Yes, You Can Line-Dry Clothes in the Dead of Winter

The science of letting your chonies freeze

By Jen Rose Smith

March 9, 2023

Snow-covered clothes on a clothesline. Photo by Kateryna Kukota | iStock.

Snow-covered clothes on a clothesline. | Photo by Kateryna Kukota/iStock

During my first winter in my small Vermont village, a generous neighbor approached me to ask if I wanted her old clothes dryer. I knew immediately what inspired her kindness. The day before, she’d seen me trudging through snow to the clothesline I’d strung up between two trees in my backyard, where I hung my sodden clothing and left it there to freeze solid.

Why? Winter line-drying began as an experiment a few years back, when I was curious to see if it worked (it does.) It became a habit because it costs less money and uses less electricity, but there’s something else too: I love how drying clothes in frigid temperatures lets me wield the power of sublimation, a process by which water turns directly from solid to gas, bypassing the liquid phase altogether. “You get water vapor from ice without melting it,” explained Marcus Hultmark, a professor of mechanical and aerospace engineering at Princeton University, adding that the same thing happens when ice cubes dwindle away in the freezer, as they gradually sublimate into water vapor. “It’s really sort of annoying, right?” said Hultmark, of the ice cube disappearing act. “When you need them, it’s only a handful!”

When it’s used to preserve food, sublimation is called freeze-drying, a method employed for everything from astronaut ice cream to emergency rations to a traditional Andean potato product called chuño. I saw the last process in action once while backpacking Bolivia’s Cordillera Real. I walked through hills covered with whole fresh potatoes, scattered on the bare ground until the water in them sublimated away, leaving a desiccated substance that can last for decades—basically Aymara astronaut food.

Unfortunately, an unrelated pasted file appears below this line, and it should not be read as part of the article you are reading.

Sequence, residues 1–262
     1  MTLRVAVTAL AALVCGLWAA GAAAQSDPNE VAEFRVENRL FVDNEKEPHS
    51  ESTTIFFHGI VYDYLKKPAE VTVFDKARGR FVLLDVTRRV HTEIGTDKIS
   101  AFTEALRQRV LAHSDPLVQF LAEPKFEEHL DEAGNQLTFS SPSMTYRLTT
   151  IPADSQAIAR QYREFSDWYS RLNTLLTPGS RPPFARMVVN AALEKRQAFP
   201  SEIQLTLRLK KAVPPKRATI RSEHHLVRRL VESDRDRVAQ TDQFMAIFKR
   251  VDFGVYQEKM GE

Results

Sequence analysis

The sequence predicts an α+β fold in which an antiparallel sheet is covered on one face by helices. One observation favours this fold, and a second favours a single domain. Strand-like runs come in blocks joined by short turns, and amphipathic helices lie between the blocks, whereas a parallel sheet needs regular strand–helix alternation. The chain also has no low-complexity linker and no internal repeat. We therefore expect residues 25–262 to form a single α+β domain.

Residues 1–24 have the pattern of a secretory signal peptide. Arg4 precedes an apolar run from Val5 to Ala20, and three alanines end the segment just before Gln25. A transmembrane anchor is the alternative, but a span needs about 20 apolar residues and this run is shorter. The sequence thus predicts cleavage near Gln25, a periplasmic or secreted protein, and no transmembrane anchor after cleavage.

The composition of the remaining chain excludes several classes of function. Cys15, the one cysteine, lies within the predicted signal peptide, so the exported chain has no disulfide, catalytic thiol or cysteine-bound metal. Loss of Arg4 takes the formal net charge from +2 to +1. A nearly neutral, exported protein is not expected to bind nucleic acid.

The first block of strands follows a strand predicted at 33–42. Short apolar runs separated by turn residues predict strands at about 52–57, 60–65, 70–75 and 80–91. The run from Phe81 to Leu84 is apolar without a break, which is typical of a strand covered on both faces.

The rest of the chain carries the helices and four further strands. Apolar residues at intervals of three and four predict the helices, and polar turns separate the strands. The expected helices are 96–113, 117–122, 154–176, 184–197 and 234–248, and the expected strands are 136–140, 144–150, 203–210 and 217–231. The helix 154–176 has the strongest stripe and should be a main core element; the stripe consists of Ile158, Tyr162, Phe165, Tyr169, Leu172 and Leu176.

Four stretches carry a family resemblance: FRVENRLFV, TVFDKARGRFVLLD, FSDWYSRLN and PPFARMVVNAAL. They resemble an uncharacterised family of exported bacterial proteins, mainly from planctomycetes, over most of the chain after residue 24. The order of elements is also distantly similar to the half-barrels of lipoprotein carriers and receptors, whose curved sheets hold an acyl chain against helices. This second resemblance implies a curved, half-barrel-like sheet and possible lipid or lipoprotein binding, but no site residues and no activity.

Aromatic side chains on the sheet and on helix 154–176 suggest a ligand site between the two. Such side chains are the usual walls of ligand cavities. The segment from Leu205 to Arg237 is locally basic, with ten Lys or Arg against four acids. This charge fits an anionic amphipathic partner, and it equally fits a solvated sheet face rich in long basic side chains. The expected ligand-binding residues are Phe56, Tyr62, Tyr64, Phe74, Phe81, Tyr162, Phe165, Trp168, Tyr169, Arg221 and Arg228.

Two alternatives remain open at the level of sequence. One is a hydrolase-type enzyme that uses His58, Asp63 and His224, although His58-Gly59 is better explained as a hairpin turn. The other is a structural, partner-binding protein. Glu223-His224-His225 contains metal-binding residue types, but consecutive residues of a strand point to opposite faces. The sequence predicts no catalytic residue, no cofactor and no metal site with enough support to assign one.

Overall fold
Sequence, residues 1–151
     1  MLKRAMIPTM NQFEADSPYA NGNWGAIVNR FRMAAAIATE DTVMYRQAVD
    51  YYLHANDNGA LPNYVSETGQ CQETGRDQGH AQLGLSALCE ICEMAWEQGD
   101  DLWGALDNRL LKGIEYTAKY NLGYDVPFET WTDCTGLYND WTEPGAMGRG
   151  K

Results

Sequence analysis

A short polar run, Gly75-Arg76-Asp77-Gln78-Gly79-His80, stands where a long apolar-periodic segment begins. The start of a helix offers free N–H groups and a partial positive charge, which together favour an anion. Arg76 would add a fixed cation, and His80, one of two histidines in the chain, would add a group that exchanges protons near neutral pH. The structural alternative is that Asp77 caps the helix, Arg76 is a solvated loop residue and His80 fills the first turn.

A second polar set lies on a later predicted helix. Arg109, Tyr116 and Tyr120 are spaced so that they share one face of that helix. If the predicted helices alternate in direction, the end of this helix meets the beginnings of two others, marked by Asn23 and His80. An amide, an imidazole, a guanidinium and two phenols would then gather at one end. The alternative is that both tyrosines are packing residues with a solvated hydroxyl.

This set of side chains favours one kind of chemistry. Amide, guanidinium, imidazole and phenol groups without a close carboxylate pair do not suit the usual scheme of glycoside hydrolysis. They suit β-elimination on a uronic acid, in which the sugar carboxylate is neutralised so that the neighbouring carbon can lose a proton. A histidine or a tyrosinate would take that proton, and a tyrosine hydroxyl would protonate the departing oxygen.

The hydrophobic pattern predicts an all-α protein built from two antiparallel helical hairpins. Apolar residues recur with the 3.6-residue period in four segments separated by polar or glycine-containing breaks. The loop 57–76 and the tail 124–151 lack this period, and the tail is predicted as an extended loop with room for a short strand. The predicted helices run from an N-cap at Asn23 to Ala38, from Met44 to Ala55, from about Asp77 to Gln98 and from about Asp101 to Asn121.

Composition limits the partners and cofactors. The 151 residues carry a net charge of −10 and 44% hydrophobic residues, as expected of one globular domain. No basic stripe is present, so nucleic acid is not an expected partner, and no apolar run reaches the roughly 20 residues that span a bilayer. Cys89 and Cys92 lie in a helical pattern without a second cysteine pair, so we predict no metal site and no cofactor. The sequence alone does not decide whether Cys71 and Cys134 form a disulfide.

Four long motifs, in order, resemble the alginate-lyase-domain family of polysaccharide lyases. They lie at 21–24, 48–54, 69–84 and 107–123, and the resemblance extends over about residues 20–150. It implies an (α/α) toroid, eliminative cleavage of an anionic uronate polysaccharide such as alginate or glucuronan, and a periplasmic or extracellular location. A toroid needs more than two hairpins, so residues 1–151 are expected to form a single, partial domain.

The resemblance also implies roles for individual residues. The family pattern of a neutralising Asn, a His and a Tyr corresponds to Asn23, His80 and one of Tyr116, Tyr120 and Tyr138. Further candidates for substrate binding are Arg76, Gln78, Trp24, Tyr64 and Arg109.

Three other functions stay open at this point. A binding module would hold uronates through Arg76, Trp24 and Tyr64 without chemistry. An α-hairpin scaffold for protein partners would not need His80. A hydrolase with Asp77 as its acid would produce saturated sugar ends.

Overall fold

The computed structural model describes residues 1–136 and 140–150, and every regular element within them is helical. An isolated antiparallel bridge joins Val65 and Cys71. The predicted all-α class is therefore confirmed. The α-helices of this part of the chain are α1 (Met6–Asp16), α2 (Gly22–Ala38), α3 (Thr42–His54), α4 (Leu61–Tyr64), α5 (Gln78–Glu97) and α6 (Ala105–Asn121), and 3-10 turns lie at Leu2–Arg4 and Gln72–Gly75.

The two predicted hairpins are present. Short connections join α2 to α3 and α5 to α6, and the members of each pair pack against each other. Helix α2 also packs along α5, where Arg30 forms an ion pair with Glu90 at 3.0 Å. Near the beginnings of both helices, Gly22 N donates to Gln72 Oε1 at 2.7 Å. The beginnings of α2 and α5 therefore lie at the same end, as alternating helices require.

Whether you’re freeze-drying food or doing the wash, you’ll get the best sublimation in dry conditions with a bit of wind to whisk away emerging water vapor. But even in perfect weather, my freeze-dried clothes come back into the house feeling a bit stiff. On one recent day, I tweeted about my wintertime laundry habits, and a few people chimed in to say the secret to avoiding that stiffness is vinegar, a piece of old-timey wisdom that sent me down a rabbit hole of laundry science.

There are a couple of different things that result in crunchy line-dried clothing, explained Karen K. Leonas, a professor of textile sciences at North Carolina State University’s Wilson College of Textiles. Clean clothes often emerge from the washing machine with a residue of detergent or fabric softener still clinging to their fibers. “When line-drying, it forms this coating that makes it feel stiff,” Leonas said. “When you tumble dry, there’s still that residue, but it gets broken up by the mechanical action.”